'Co-production and collaboration in the archive', the 2020 Gerald Aylmer Conference

The 2020 Aylmer Conference -- held in March 2020, and co-organised with The National Archives and the Royal Historical Society -- explored the theme of 'Co-production and collaboration in the archive'. How do archivists and historians work best together?

Conference programme

What are the opportunities, and challenges, of working collaboratively with archivists, academics and community groups?

The 2020 Aylmer Conference (held on 11 March 2020) took as its theme ‘Co-production and collaboration in the archive’. Through the day we discussed, analysed, and learned from, a range of collaborative projects—as seen from the perspectives and experience of archivists, historians and community practitioners.

The day was structured around three elements relating to the 'Structure', 'Practice' and 'Value' of co-production and collaborative work. These three areas enabled us to consider the ‘life cycle’ of a range of co-produced projects: from origins and planning, to their operation, to lessons learned, and value added once a project is completed.

In addition to these themes, we posed (and asked speakers and attendees to address) three key questions for the day: ‘what is co-production’; ‘when is co-production most effective’, and ‘what implications does co-production have for the value and ethics of research?’

Conference recording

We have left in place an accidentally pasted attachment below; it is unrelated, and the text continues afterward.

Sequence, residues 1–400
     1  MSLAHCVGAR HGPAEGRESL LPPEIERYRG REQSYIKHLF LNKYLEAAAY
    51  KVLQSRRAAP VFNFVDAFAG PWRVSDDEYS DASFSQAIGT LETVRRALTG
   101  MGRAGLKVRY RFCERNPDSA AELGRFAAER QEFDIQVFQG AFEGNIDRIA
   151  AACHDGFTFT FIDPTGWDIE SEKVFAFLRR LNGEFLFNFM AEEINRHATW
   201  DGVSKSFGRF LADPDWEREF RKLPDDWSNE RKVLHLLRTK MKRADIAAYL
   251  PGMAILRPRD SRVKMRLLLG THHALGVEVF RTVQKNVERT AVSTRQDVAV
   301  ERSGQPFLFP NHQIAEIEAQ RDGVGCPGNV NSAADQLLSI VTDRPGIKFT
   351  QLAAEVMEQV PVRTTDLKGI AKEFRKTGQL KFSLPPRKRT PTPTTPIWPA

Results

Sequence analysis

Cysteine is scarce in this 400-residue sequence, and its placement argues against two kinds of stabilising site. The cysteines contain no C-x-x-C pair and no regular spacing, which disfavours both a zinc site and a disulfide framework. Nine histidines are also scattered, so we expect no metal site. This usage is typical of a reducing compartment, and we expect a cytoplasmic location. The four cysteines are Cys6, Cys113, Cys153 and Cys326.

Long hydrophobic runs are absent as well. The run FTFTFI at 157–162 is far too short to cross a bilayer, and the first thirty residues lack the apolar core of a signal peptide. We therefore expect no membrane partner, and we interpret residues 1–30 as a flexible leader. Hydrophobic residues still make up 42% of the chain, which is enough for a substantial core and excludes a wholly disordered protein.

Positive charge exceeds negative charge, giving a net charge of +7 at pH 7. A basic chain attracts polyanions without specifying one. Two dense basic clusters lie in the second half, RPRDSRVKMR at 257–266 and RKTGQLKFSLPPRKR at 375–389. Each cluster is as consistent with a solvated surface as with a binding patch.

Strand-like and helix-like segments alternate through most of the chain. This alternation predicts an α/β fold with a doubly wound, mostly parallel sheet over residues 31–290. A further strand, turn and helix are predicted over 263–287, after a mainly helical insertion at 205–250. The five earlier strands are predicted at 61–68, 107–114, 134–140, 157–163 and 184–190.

Listen to 10 speakers from the day's three main panels, discussing the 'Structure', 'Practice' and 'Value' of collaborative and co-productive work.

Panels and speakers

Session 1: Three questions for the day

This opening session poses three broad questions on the meaning, use, and ethics of co-production between archivists, historians, and collection creators. Speakers and audience members will be returning to these questions through the day.

  • Dr Alexandra Eveleigh, Collections Information Manager, Wellcome Collection (Chair)
  • Professor Catherine Clarke, Director of the Centre for the History of People, Place and Community, Institute of Historical Research, University of London
  • Dr Ayshah Johnston, Learning and Engagement Manager, Black Cultural Archives
  • Dr Victoria Hoyle, Research Associate, Department of History, University of York

Session 2: Structures – forms of co-production

This session considers how we approach, structure and begin the work of co-production.

  • Charlotte Tomlinson, PhD student, University of Leeds (Chair)
  • Sara Huws, Cardiff University and Co-Founder, East End Women’s Museum
  • Kristian Lafferty, Content Acquisition Manager, Ancestry

Session 3: Practices – what makes for effective co-production?

This session looks at the practice of co-production based on the experience of archivists and historians. It considers what does and doesn’t work, and how to get the most from collaborative research partnerships.

  • Victoria Iglikowski-Broad , Principal Records Specialist – Diverse Histories, The National Archives (Chair)
  • Dr Errol Francis, Artistic Director and CEO, Culture&
  • Rosa Schling, Co-director, ‘On the Record’
  • Dr Mike Esbester, Senior Lecturer in History, University of Portsmouth and Karen Baker, Librarian, National Railway Museum

Session 4: Outcomes – what is the value of co-production?

The final session of the day explores the outcomes of co-production from the perspectives of an archivist, a historian and a contributor who have worked on multiple projects.

  • Pip Willcox, Head of Research, The National Archives (Chair)
  • Professor Sarah Lloyd, Professor in History, University of Hertfordshire
  • Stefan Dickers, Library and Archives Manager, Bishopsgate Institute
  • Martin Spafford, school teacher and writer